Tuatara are nocturnal - they become active after sunset. By day they will bask in the sun outside their burrow, yet if a prey item was to walk past it would be consumed. One of the reasons for their nocturnal behavior is the majority of insects they prey on, weta’s and darkling beetles are themselves nocturnal.
Basically anything that moves and can fit into their mouth, and then some. (including their own babies)
An adult Tuatara requires very little food for survival consuming one quarter of their body weight per year.
Generally three speeds are recognizable. The main one is sitting motionless for hours. Second is moving at a sedate slow walk and the third is a high speed short dash that lasts for two or three seconds. In this dash they can cover 5 to 10 meters.
This happens February March and April. The males find a high spot to perch and show themselves off. During courtship, the male displays himself by inflating his trunk and throat. His crest is also elevated. He walks in a clock-wise circle around the female, one step at a time, after each step lifting his body off the ground. If the female is receptive small, slow head nodding to the displaying male will usually result in mating.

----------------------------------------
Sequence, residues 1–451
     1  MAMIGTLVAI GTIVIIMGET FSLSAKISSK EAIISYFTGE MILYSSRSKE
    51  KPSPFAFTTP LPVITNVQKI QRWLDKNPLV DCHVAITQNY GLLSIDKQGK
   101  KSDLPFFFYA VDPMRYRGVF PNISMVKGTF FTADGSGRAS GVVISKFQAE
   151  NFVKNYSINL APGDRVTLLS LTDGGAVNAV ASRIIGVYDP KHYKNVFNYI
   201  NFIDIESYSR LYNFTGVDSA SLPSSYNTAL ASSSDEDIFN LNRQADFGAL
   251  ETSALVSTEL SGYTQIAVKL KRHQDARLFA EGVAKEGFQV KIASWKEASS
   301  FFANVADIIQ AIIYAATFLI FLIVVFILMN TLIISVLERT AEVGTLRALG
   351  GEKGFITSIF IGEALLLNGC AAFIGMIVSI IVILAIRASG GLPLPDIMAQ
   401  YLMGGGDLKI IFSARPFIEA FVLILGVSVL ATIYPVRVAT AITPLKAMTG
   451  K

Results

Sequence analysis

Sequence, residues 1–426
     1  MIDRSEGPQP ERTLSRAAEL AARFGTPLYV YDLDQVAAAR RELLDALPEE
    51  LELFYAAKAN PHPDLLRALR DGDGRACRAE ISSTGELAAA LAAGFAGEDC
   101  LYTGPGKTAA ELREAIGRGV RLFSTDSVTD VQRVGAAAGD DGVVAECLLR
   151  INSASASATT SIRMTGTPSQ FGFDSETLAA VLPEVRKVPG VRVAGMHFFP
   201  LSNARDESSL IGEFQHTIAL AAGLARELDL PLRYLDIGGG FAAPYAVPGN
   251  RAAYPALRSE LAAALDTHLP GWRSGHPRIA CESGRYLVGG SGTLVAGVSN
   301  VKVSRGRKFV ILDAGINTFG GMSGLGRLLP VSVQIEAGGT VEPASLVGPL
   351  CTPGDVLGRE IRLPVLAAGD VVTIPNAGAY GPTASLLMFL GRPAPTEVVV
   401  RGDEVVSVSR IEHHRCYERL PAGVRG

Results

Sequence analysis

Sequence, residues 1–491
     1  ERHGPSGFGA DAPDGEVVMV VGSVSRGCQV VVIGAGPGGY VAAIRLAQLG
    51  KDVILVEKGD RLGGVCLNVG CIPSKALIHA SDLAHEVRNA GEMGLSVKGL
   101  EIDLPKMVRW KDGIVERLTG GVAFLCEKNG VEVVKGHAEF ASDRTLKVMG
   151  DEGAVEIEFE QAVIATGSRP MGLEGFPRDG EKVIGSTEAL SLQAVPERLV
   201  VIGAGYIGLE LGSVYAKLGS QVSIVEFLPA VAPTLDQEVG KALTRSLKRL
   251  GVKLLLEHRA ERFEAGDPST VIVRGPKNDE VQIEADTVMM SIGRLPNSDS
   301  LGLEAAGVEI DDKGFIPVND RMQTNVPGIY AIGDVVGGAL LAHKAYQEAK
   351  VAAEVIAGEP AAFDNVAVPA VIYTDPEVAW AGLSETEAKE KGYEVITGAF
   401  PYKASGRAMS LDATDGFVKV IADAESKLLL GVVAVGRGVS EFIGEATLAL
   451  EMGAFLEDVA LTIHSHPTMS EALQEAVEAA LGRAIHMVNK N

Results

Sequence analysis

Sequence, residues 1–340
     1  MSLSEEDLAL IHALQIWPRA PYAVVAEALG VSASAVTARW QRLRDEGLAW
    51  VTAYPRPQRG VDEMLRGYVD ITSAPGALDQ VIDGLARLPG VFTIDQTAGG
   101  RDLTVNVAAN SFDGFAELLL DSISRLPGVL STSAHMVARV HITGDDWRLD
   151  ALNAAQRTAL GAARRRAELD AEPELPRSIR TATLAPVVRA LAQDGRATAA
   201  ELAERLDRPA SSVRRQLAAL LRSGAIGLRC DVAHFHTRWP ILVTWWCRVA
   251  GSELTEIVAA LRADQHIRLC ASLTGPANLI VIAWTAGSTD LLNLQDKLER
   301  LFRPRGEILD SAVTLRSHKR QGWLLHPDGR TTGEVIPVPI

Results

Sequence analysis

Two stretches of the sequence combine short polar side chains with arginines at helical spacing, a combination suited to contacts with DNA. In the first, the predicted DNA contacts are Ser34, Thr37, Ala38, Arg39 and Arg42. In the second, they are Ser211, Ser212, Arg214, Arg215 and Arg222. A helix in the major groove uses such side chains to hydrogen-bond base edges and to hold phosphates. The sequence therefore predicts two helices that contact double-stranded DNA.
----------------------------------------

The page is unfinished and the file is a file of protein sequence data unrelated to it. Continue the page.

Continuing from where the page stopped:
Tuatara lay clutches of eggs, 5-18 eggs laid under the ground’s surface and abandoned to hatch 12-14 months later. On Stephens Island females lay only once every four years and this happens around October or November. Mating occurs in March and April.
Tuatara are territorial with each animal having its own underground burrow. The dominant (largest) Tuatara will go where ever they please.
Fighting is a similar display to mating, but the throat is more inflated and the movements more rapid, (3-4 second burst of action, rest 10-20 min before next bout). Fighting Tuatara will strategically move side by side, lunging at one another’s neck or head. They also vocalize a ‘croak’ sound as they attack or break out of a vice-like bite of an attacker.